As I mentioned weeks back, I finished Reza Aslan’s book Zealot: The Life and Times of Jesus of Nazareth and came to many different conclusions from the book. Among those is that Aslan overcorrected his fundamentalist upbringing by tossing out the baby with the bathwater.
Aslan forcefully argued for the narrative of Jesus the historical figure transforming into a divine “Christ of faith” through the exploits of Paul and later century figures. He saw that after the many messianic claims of the early centuries, the belief that Jesus the Nazarene was God is purely wishful thinking from later followers of Jesus. However, I find his thesis lacking, and let me tell you why.*
Something Crazy Happened
Here’s what we know concerning the claims of the New Testament and First Century Palestine:
Here’s what we know from common sense:
As the New Testament scholar N.T. Wright points out in Surprised by Hope, something happened that turned Second Temple Judaism on its head. There was a historical Jesus who had a group of followers and he eventually was crucified for insurrection (claiming to be like God, claiming to be a king). Instead of disbanding, as so many followers of crucified messiahs did, the disciples started saying he rose from the dead. They claimed to have seen him as a physical person. Not only that—women were the first to encounter the empty tomb and connect the dots to a resurrection!
As alluded to above, if you are going to make something up in the First Century, don’t say women were there first. Because in the First Century, women were not legal witnesses. If you made something up, why not show Peter as the smart, faithful one? Why not tell the great exploits of the early leaders and simply remove the asinine stories that portray the disciples as faithless, prejudiced people?
The four gospel accounts recorded in the Bible provided differing accounts of the Jesus and are not four similar copies. Aslan is certainly correct in this. However, four witnesses will often times provide four different takes on a single event. The existence of narrative tension does not make the four different accounts false. It would be less believable and reliable if all four gospels were in unanimity in relaying the history (and theology) of Jesus the Messiah.
On another point, to be Jewish meant that you worshipped at the Synagogue or Temple on Saturdays. To move your worship day as a Jew to Sunday is a tremendous move. Moving days is not just a convenience factor, instead it is a reflection of the culture-shattering resurrection of Jesus. This is another element to hearing out the argument for a historical resurrection.
Concerning the resurrection, a lot of Jews at that time believed in the bodily resurrection of the just. Of course, this resurrection would occur at the end of time, when God intervenes in history. They did not expect for a resurrection to occur at that particular time. They certainly did not have a category to affirm a bodily resurrection in the Hellenistic Greek understanding either. Unless something out of the ordinary happened.
James vs Paul?
Surprisingly, Aslan created a narrative that pitted Paul against James the brother of Jesus and the Jerusalem church. He suggested that Paul took the teaching of Jesus and perverted them, turning the vast majority of the diaspora (Jews who did not live in Israel) and Gentiles against the traditional Jewish church in Jerusalem. However, this is grasping at straws, since Paul went throughout the Mediterranean collecting money to financial relieve a Jerusalem church. He also came under their authority several points in Acts (not to mention his writings are the earliest ones we have).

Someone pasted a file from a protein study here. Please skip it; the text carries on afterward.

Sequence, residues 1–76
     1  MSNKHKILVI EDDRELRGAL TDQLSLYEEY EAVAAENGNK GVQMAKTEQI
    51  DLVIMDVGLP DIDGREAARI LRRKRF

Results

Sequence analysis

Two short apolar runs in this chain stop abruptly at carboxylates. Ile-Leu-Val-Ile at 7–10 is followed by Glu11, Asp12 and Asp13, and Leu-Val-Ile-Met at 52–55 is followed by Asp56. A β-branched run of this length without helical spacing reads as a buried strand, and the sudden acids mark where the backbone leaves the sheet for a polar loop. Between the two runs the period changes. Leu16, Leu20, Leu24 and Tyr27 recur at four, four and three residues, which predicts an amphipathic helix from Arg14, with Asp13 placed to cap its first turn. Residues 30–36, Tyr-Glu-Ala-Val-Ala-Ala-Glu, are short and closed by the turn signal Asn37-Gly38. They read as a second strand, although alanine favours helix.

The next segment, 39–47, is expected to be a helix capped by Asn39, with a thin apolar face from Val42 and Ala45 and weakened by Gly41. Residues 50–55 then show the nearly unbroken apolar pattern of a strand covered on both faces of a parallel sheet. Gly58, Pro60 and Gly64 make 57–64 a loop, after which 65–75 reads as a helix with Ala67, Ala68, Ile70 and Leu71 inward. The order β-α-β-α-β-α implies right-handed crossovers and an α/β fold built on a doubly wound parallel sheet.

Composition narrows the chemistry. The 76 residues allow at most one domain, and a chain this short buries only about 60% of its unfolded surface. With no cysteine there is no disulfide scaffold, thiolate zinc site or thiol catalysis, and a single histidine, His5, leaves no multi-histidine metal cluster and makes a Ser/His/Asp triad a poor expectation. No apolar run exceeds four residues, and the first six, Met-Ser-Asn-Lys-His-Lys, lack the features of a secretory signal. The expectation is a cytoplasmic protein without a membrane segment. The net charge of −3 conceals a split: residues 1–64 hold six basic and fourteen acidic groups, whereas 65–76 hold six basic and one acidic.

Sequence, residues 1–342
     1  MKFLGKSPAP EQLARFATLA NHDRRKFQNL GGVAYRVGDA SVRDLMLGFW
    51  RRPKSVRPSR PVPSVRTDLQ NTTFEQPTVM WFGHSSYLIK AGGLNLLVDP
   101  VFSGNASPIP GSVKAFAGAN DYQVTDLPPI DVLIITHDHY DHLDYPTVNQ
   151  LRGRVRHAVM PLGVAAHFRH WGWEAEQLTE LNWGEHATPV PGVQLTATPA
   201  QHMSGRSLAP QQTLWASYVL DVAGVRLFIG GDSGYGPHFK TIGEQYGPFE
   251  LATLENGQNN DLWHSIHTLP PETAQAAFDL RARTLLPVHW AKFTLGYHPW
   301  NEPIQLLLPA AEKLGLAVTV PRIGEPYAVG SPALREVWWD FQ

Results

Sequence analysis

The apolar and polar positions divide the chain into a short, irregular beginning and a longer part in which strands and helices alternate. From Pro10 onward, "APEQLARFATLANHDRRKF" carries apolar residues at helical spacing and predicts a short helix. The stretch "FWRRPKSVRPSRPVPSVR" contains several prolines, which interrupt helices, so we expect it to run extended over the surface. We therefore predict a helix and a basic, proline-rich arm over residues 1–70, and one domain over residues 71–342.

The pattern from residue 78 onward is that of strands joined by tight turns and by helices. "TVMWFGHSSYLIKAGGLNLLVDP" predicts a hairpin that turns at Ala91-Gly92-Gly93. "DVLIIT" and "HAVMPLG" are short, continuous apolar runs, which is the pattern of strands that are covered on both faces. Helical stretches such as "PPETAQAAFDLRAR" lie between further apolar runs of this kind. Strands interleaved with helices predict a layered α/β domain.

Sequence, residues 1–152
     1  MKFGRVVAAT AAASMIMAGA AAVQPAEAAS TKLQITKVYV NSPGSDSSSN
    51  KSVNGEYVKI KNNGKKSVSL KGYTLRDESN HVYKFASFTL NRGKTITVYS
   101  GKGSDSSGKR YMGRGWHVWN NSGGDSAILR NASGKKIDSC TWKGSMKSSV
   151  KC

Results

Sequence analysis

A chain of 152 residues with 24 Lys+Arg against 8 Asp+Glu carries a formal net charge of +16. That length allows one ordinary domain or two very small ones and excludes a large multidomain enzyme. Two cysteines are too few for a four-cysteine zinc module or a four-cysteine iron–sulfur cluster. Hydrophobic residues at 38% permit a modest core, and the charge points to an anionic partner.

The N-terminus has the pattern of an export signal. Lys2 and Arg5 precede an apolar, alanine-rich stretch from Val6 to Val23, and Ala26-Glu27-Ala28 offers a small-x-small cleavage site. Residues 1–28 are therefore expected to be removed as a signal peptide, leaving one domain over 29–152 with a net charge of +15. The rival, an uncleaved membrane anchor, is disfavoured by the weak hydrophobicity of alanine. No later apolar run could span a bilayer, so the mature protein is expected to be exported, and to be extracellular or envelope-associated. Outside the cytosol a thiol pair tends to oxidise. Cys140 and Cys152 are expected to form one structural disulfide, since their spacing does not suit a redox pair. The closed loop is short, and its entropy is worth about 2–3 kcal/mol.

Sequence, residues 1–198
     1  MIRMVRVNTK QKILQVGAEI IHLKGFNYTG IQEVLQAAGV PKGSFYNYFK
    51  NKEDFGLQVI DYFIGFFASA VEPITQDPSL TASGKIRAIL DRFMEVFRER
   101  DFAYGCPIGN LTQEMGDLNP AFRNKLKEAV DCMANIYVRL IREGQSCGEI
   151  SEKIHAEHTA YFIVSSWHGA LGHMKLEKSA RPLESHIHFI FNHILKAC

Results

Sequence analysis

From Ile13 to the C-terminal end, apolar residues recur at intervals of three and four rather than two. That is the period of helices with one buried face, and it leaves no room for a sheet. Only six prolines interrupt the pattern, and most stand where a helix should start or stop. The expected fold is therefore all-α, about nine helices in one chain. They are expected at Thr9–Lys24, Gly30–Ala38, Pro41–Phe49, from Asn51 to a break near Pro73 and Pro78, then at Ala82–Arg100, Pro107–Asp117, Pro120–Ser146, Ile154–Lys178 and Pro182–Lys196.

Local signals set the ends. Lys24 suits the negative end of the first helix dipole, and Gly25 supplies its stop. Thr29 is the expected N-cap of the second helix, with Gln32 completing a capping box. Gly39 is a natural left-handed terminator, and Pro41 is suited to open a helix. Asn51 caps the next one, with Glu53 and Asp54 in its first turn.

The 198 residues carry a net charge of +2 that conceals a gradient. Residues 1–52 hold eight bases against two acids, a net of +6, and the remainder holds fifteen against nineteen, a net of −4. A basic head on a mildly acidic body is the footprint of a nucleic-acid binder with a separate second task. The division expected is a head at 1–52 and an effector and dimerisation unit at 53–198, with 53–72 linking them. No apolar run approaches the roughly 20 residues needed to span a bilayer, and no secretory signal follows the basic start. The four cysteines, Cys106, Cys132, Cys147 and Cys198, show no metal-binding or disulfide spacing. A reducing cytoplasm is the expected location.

It is pretty well known that Martin Luther saw the Book of James as a sketchy book, propping up the false religion of works over faith in God. Aslan flips Luther’s idea over and suggests that Paul attacked James in his writings. However, the faith that Paul wrote about is not in opposition to the works that James wrote about. We are saved for good works, not saved by them or from them. This was his weakest point, because even a cursory look at how Reformational scholars interpret Paul and James shatter his hypothesis within a few pages.
If Christ Was Not Raised…
With all that said, Zealot is a well-researched book that is a very captivating read. However, this book is done with a motive. My guess is that Aslan’s work was written as a type of antidote to kids caught up in the subjective fervor of contemporary evangelicalism. Yet, reading the New Testament with modern eyes is just as pervasive in secular heads as it is in orthodox Christian heads. I simply do not think you have to separate the Christ of faith from the Christ of history. Because something happened in the First Century that changed everything. Something happened that has mystery to it. Something happened that is not found on a recorded video.
The Jesus of history and the Jesus of faith are the same person. Jesus the Messiah changed the cultural script for a conquering messiah and he meant to die a brutal death on the cross. It was not an accident that he died in his thirties. This was his mission: to give his life as a ransom so that we can enjoy a life with God both now and forever.
Maybe the reason why people argued with Jesus and rejected him at that time was because he claimed to be God and claimed to be a messiah who would not overthrow the Romans in a glorious coup d’etat. Maybe the reason why people rejected him then is the same reason people reject him now: he interrupts our lives and our own preconceived notions of what it means to truly live.
*I am indebted to the works of the brilliant scholar NT Wright for these arguments, and I commend you to read his material on the Early Church
Photo: Christ Cleansing the Temple by Bernardino Mei (Courtesy of J. Paul Getty Museum)